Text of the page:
Many artisan bakeries are milling their own flour, a move that they see as game changing.
Ceor has its own mill, and bakers there have upwards of two dozen grains at their disposal.
“The freshness is as important in flour as it is in coffee or spices,” said Guy Frenkel, Ceor’s founder. “The aromas, the oils really come through in the breads. Second, it allows us to make flours which are unavailable elsewhere.”
In-house milling is a detailed undertaking and not for everyone, cautioned Michael Kalanty, award-winning baker and R&D specialist. But the nutritional benefits of it are clear.
“It’s so advantageous because on a pound-per-pound basis, when you freshly mill your grains, the nutritional superiority to what you’re getting over commodity flour is off the charts,” he said. “Whether it’s wheat, rye or oats, you’re eating everything the whole grain has to offer. That means you’re also getting the oils that come with it, the vitamins A, D, E and K, all that soluble fiber, so you’re really power packing the nutrition.”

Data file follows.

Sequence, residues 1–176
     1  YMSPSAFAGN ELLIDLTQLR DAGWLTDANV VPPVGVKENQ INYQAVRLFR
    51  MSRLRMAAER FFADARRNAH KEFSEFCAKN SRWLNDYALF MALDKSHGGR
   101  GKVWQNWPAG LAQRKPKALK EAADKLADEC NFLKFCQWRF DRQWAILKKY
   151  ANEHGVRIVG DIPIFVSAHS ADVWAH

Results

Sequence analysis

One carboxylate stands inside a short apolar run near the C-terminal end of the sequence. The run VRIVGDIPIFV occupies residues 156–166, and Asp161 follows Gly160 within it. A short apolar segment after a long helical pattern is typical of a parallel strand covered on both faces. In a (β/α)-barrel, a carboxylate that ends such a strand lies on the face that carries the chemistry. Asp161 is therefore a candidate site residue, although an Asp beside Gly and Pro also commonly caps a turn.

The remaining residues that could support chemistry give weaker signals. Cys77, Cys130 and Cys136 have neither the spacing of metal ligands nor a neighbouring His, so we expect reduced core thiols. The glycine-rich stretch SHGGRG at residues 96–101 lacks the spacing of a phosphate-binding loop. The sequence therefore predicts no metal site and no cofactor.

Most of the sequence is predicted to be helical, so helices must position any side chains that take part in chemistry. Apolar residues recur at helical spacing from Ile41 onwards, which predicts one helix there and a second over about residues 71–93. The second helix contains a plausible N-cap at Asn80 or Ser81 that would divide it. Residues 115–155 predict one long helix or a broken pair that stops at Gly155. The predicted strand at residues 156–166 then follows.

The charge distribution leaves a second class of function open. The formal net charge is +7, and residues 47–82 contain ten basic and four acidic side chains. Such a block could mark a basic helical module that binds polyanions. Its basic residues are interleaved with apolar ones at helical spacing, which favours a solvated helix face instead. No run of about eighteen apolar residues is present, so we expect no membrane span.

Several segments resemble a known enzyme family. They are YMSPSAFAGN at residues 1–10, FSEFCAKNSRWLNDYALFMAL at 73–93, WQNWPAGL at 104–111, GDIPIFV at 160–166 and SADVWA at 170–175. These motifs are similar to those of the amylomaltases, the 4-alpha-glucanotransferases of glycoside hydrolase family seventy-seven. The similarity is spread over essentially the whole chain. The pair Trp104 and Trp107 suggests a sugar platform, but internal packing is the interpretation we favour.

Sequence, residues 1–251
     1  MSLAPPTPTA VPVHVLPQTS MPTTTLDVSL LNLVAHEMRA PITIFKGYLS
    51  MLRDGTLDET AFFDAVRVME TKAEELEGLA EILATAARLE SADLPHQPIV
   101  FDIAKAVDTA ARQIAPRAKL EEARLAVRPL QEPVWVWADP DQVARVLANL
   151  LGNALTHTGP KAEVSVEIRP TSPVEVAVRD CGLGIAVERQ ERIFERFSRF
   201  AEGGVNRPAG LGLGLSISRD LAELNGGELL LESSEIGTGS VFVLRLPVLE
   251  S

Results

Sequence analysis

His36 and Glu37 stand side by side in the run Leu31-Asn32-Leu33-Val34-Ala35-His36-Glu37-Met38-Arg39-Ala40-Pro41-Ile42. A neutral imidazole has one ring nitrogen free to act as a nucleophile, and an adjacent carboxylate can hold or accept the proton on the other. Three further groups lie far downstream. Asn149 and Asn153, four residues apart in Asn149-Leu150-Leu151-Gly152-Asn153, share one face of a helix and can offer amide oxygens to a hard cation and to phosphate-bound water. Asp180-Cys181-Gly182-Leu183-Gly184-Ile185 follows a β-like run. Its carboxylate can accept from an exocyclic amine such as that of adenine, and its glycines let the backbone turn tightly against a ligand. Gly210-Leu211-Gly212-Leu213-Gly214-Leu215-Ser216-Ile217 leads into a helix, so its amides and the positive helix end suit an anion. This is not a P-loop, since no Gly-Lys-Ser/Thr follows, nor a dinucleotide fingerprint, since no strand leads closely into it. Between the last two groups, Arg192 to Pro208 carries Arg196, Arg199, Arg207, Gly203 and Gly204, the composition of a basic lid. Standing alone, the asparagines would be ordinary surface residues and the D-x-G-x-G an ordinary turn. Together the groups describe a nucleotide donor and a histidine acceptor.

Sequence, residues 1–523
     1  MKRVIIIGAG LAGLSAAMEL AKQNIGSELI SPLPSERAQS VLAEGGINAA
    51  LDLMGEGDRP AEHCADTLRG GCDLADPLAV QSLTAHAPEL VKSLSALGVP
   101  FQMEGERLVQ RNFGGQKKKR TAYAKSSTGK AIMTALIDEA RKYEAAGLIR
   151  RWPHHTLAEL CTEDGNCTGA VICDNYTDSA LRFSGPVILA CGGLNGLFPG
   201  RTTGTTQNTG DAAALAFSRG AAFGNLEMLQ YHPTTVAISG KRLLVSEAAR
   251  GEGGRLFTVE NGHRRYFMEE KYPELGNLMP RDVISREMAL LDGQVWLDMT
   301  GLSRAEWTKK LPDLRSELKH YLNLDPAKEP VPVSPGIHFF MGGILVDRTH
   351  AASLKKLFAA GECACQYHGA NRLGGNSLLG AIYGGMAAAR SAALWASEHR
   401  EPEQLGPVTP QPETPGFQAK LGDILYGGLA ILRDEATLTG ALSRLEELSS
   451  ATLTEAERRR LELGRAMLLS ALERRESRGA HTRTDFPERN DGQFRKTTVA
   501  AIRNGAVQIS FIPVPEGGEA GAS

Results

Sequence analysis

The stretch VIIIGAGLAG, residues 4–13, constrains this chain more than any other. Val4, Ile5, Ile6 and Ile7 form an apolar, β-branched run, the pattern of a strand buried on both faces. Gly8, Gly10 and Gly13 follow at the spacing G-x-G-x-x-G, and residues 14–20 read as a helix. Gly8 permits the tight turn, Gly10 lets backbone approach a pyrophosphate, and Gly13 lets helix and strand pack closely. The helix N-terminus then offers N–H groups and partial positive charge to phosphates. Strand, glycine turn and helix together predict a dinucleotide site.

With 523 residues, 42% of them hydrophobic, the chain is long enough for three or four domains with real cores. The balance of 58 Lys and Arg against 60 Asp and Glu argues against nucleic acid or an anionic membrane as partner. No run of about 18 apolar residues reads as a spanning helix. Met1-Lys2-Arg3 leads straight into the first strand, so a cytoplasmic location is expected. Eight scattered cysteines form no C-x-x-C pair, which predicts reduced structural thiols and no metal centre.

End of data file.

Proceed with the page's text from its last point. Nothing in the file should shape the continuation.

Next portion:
Other bakeries use boutique millers that feature more variety.
“The quality is better,” said John Friend, president of Farm to Market Bread Co. “A lot of that can depend on how the crops come in that year, what the weather was like, what protein levels you’re going to get out of the wheat. We’ll be humming right along with great flour, then all of sudden we get some bad batches, and the flour is absorbing a ton of water and we have to make adjustments on the fly, and it affects our quality.”
This article is an excerpt from the March 2023 issue of Baking & Snack. To read the entire feature on Artisan Bread, click here.